A. Fetal Heart Rate Pattern EvolutionTo date, studies that have prospectively or retrospectively evaluated the relationship between FHR patterns and metabolic academia confirm the value of the four assumptions commonly used for interpreting FHR patterns in clinical practice. When this work is analyzed as a whole, the pattern of developing acidemia that is reflected in FHR changes becomes apparent. Acute ac-idemia starts interruptions in fetal oxygenation and the occurrence of decelerations, e.g., late or variable. When the decelerations are unabated, the first evolutional change is decelerations be-coming deeper and longer in duration. Tachycardia usually develops due to increase of sympa-thetic stimulation such as increase of blood catecholamine level. The fetus cannot increase stroke volume to increase cardiac output. Therefore, a faster heart rate is the mechanism by which the fetus increases cardiac output to compensate for recurrent hypoxial events. FHR baseline variability begins to diminish indicating acidemic change when compensatory measures begin to fail. If the acidemia is not reversed, the heart rate decreases and ultimately a terminal brady-cardia will occur (Figure 8-1 and Figure 8-2).41,42
It is important to remember that this pattern undoubtedly has variations. For example, this pattern progresses through each phase faster in a fetus with a preexisting chronic hypoxia as can occur in preeclampsia, or a fetus at increased risk for asphyxial damage for other reasons such as infection or prematurity. Similarly, the fetus exposed to tachysystole may not have an intercontrac-tion interval of long enough duration to increase the heart rate and in this instance, the expected tachycardia may not develop before the variability decreases and a terminal bradycardia ensues.43 However, this pattern should be taught to healthcare providers who manage women in labor and viewed as a trigger for close observation. This pattern includes consideration of the effect of dura-tion and severity (deceleration index or area under the curve). Action should be taken when the variability becomes persistently minimal in the presence of worsening decelerations. The dose-response relationship is sufficiently impressive to use at least tentatively as an indicator of the ac-ceptability of this form of management.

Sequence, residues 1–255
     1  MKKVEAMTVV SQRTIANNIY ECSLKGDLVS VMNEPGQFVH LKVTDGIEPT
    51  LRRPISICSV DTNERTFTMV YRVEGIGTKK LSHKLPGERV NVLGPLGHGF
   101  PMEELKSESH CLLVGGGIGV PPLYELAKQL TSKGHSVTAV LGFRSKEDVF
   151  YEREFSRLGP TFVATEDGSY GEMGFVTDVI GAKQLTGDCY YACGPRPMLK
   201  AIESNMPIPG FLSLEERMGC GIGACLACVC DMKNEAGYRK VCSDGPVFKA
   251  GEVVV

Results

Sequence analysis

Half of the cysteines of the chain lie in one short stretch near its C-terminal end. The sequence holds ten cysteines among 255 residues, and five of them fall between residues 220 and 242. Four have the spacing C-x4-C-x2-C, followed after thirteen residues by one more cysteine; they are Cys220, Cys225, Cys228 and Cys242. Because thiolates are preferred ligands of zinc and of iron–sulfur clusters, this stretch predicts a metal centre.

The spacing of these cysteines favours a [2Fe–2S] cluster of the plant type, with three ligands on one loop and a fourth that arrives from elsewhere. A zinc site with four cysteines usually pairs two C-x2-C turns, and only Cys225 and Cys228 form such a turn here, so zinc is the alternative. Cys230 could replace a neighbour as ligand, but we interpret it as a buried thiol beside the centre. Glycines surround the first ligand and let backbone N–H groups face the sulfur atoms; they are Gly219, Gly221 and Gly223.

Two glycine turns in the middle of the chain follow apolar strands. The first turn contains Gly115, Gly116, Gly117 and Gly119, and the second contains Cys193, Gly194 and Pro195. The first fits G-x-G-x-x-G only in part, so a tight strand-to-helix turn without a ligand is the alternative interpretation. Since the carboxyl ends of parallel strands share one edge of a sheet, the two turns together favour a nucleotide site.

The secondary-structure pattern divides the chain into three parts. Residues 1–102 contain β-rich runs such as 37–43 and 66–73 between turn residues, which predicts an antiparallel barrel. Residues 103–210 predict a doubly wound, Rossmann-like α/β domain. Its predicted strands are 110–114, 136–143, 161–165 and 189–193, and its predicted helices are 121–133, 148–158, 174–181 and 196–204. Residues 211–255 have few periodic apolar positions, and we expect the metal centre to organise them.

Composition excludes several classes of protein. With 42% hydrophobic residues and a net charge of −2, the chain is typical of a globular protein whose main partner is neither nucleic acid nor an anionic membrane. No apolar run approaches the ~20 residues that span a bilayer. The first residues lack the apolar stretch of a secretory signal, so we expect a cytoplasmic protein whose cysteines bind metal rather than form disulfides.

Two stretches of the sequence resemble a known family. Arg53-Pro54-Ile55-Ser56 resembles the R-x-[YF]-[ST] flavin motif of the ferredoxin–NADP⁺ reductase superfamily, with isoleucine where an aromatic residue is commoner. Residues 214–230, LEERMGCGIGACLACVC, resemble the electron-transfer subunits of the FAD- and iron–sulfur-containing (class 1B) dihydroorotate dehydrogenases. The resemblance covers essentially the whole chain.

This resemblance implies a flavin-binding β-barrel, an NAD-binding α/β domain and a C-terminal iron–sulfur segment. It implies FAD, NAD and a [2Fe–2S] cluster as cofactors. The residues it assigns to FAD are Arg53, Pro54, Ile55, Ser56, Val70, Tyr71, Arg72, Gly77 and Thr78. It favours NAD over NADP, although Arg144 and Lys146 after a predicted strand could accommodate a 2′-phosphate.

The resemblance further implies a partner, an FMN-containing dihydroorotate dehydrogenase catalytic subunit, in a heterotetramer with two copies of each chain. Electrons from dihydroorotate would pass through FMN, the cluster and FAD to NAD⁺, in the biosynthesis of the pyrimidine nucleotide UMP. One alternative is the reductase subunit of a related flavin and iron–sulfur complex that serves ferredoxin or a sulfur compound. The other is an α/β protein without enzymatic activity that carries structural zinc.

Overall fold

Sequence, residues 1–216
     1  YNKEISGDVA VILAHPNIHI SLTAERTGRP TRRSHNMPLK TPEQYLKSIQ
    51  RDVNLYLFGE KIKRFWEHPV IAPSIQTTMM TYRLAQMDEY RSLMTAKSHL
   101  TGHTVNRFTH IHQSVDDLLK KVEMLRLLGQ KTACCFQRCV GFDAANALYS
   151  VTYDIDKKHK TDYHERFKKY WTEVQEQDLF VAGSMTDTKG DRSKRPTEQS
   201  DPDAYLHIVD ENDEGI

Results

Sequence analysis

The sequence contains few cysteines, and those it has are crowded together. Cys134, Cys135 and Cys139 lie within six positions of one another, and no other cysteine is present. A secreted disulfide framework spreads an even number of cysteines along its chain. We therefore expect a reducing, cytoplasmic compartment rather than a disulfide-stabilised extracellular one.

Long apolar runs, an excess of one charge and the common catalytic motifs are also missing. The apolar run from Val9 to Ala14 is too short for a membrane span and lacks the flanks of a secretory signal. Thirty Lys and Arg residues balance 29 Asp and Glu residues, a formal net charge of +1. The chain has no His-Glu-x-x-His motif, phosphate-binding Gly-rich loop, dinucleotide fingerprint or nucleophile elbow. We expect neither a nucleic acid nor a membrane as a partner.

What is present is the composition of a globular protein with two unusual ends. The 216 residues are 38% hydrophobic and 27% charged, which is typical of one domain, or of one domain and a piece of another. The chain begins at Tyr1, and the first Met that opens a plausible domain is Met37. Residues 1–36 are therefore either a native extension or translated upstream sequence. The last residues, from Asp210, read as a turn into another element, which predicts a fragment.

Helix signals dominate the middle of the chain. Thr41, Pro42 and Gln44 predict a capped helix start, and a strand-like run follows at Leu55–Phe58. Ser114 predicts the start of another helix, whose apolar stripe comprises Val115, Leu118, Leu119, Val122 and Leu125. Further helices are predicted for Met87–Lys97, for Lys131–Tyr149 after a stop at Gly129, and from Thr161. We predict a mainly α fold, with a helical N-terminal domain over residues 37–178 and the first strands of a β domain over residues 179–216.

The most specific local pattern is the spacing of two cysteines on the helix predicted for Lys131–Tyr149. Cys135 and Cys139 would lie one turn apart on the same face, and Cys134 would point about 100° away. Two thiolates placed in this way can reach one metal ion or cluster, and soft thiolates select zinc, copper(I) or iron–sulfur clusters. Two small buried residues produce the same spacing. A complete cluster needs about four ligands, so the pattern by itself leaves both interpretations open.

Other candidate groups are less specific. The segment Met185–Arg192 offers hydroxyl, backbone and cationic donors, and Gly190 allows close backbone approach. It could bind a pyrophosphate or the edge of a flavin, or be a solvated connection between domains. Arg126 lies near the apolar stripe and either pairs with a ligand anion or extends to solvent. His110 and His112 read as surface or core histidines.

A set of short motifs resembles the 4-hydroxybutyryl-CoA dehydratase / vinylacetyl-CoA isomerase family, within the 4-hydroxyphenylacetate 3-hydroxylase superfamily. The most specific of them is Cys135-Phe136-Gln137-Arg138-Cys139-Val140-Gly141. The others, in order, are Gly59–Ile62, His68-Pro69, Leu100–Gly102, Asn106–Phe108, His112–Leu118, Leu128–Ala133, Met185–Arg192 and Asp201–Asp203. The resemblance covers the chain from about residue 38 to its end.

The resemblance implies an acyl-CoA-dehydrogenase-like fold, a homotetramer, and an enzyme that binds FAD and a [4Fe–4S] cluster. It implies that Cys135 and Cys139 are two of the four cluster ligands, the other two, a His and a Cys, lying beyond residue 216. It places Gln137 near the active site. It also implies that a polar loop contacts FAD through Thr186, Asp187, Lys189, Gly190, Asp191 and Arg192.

B. Abrupt Change: Sentinel Events and Fetal Heart Rate BradycardiaIn contrast to the slower development of fetal acidemia in the presence of deepening decelerations, tachycardia, and decreasing variability, fetal metabolic acidemia can develop very quickly when
Chapter 8 The Relationship Between Fetal Heart Rate Patterns and Fetal or Newborn Acidemia 139
Figure 8-2 Case of pattern evolution: G1 P0 at 40 6/7 gestational weeks. She had an unremarkable prenatal course and has had a normal labor course with the FHR between 140 and 150 bpm, moderate variability, and occasional variable decelerations. The second stage of labor was complicated by recurrent variable decelerations that gradually became deeper and more frequent. Cesarean section as performed after a 3-hour second stage. Cord gas values for pH/ CO2/O2/base excess were: umbilical artery 6.82/114/14/–13 and umbilical vein 6.93/84/27/–8. The 1-, 5-, and 10-minute Apgar scores were 3, 7, and 8. The infant was transferred to the NICU for sepsis evaluation and head cooling.
the fetus sustains an acute bradycardia.44 Sudden bradycardia can be secondary to uterine rupture, placental abruption, cord prolapse, shoulder dystocia, maternal hypotension, amniotic fluid em-bolism, vasa previa, and other causes. In general, if the FHR remains above 80 bpm, variability will be retained and both coronary and cerebral oxygenation will be preserved.45 In contrast, when the FHR falls below 80 bpm, the variability will diminish rapidly as a metabolic acidemia accumu-lates. In this scenario, the fetus rapidly becomes unable to maintain circulation. Figure 8-3 and Figure 8-4 illustrate this concept.